Some head for the hills, others head for the Hamptons.
It was only a few weeks ago when many Americans believed that COVID-19 was largely a concern for China and other east asian countries. After all, a sweeping majority of cases were confined to the Chinese province of Hubei before spreading to the nearby countries of Japan and South Korea.
When the World Health Organization officially declared COVID-19 a pandemic on March 11, the damage had already been done. On March 20, New York City Mayor Bill de Blasio declared that the nation’s largest city had become the epicenter of the virus with over 5,000 confirmed cases. By April 6, New York already had 142,384 confirmed cases of COVID-19, around 35 percent of all U.S. cases. The state has also endured more than 6,000 deaths from the Chinese virus, a number that will continue to rise over the next few months.
While New York continues to battle the deadly coronavirus, many of its citizens have retreated to their summer homes in the Hamptons. Thousands have fled New York City, the nation’s worst coronavirus hot-zone.
Although the beach-haven is famous for its mega-mansions, celebrity locale, and countless yacht clubs, the Hamptons essentially shuts-down during the winter and spring months. In the off-season, the far eastern side of Long Island becomes sparsely populated as only manual laborers, retirees, and care-takers tend to stay.
Due to an influx of people from the city and surrounding areas, lower-class laborers and elderly retirees who rely on social-security checks to get by now face food and supply shortages. Many residents fear Southampton Hospital, a 125-bed medical center with 8 ICU rooms and the region’s only hospital, could be overrun in days.
Why are the Hamptons such a popular destination for wealthy New Yorkers? It all comes down to location and prestige.
The Hamptons: From Countryside to Country Clubs
Rhode Island may have Newport, Massachusetts may have Cape Cod, Nantucket, and Martha’s Vineyard, but one vacation destination stands alone in the Northeastern United States – the Hamptons.
The Hamptons, located approximately 80 miles east of New York City, technically consists of two towns – East Hampton and Southampton, but each town contains numerous inlets and villages. The popular vacation locale is best described in the F. Scott Fitzgerald classic, The Great Gatsby in which sprawling, water-front mansions dominate the greenery in between lush golf courses, rare cars, and mega-yachts beaming with an intense summer sunshine. Many celebrities including Ina Garten, Robert Downey Jr, Alec Baldwin, and Jimmy Fallon call the Hamptons home.
As is evidenced in The Great Gatsby, the further east you venture into the Hamptons, the more “old money” the Hamptons becomes. Inlets and villages like Water Mill, Sagaponack, and Amagansett boast median property prices in the multi-millions. Although not on the ocean but rather the Long Island Sound, the North Fork of Long Island has become an up-and-coming locale for vacationers due to its idyllic, farm setting.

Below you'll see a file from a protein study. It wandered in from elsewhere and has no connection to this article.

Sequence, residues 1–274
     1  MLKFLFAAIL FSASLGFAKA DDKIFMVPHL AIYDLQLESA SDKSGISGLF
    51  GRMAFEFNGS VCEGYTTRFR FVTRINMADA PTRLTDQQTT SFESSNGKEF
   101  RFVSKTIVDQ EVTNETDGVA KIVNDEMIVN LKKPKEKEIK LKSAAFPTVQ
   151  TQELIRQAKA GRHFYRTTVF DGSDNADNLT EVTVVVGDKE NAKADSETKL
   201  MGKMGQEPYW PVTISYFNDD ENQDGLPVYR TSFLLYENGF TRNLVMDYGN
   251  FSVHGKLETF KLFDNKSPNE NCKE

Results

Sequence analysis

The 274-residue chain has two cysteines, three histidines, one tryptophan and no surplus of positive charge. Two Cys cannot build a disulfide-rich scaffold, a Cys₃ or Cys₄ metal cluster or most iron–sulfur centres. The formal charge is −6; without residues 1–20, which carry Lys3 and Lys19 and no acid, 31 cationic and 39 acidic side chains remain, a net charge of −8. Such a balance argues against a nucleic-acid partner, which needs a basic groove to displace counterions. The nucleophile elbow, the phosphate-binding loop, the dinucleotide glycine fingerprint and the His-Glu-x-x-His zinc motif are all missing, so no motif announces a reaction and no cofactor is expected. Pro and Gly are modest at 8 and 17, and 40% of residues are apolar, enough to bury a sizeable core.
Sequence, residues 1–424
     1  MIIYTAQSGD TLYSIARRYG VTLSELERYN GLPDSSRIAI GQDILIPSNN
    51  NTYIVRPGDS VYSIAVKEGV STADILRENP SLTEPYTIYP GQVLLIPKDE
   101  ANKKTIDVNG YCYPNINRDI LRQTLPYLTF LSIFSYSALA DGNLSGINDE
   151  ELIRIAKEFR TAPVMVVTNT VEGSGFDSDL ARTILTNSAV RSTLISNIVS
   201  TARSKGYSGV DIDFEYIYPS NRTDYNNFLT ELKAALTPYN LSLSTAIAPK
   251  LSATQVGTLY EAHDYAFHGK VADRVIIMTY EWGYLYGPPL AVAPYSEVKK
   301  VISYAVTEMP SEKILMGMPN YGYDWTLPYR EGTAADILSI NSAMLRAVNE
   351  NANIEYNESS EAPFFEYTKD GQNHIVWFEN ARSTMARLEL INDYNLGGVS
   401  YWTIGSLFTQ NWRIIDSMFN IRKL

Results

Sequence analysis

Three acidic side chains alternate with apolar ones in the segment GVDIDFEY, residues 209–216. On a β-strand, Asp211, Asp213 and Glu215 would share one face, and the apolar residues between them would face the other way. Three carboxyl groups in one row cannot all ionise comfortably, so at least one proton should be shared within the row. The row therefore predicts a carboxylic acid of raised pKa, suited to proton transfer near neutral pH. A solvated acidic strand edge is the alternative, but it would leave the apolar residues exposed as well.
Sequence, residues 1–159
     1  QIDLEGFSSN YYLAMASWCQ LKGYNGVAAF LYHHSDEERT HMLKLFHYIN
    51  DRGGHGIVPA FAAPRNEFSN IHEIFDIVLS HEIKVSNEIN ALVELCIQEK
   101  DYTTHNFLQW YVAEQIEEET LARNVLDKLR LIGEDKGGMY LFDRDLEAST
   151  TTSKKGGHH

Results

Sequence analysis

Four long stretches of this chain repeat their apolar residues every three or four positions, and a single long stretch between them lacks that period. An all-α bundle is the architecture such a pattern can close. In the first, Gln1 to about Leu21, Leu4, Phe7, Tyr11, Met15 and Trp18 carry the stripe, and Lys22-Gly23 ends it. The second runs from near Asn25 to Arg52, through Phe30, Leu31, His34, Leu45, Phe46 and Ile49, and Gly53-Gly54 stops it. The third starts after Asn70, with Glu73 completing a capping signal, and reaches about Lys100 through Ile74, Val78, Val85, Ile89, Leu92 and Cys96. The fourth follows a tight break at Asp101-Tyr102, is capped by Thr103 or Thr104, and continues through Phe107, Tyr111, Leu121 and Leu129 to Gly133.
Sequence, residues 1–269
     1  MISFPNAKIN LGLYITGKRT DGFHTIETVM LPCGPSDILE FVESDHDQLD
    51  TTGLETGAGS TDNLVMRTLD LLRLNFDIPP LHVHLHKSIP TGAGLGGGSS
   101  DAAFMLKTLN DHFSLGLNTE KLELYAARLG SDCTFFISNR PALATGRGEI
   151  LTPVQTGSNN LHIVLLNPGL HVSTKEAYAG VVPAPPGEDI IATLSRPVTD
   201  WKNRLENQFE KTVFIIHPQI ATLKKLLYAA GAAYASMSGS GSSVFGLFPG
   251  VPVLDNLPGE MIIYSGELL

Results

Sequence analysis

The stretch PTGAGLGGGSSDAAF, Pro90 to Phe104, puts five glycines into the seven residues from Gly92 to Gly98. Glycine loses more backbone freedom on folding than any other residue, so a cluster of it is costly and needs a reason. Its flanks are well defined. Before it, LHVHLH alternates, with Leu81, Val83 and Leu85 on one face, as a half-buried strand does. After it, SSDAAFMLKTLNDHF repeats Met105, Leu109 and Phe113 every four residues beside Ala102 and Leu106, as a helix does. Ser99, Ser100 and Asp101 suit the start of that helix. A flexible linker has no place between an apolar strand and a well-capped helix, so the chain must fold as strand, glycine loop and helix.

When Did The Hamptons Begin to Flourish?
The transformation of the Hamptons from rural farming villages to a playland for the wealthy coincides with the rise of the American millionaire in the late 19th century. Known as the Gilded Age, a term coined by writer Mark Twain to describe the unfettered capitalism and rampant corruption of the time, an elite class of Americans experienced a rapid increase in wealth as new manufacturing industries were established, the modern banking system rose to prominence, and environmental/labor regulations were non-existent.
While there were only a reported 400 millionaires in the U.S. as of 1862, by 1892 there were over 4,000. With money to spend, these rich Americans yearned for a getaway destination in the summer months in order to escape the pollution, disease, and chaos of the big cities. An 1893 article by the New York Times described the Hamptons as “ exclusive—in the best sense of the word”, a noticeable contrast from when the area was best known for its potato harvests.
The new-money crowd of writers, artists, and actors began to snatch up property in the Hamptons during the cultural renaissance of the 1950s and 60s. Writers like Truman Capote and Kirk Vonnegut enjoyed the area for the peace and quiet while the euphoric scenery served as a perfect source of inspiration. The Hamptons is now home to celebrities, Fortune-500 CEOs, tech billionaires, and bankers alike.
What Can You Do In The Hamptons?
Whether you take your car or lease a helicopter, the Hamptons is a short getaway from the hustle and bustle of New York City. Surfers travel in droves to Ditch Plains in Montauk to catch some waves. Many vacationers take advantage of the scenic hiking trails and cycling routes in order to work up an appetite for the numerous eateries dotted along the inlets.
Some restaurants are the perfect spot for customers looking to grab a bite on the cheap while others are reserved for fine-dining. Whether in Montauk or Sag Harbor, Water Mill or Orient, vacationers from all tax brackets have enjoyed the summer days of the Hamptons for over a century.
Staying Safe In The Hamptons
Travel to the Hamptons has subsided over the past few weeks as much of the nation is now under stay-at-home orders. Although the Hamptons is located in a largely rural area, the potential for infection still remains an issue. The CDC recommends people only leave their homes for essential items like food and medicine, keep a minimum of six feet from others, and wash their hands regularly.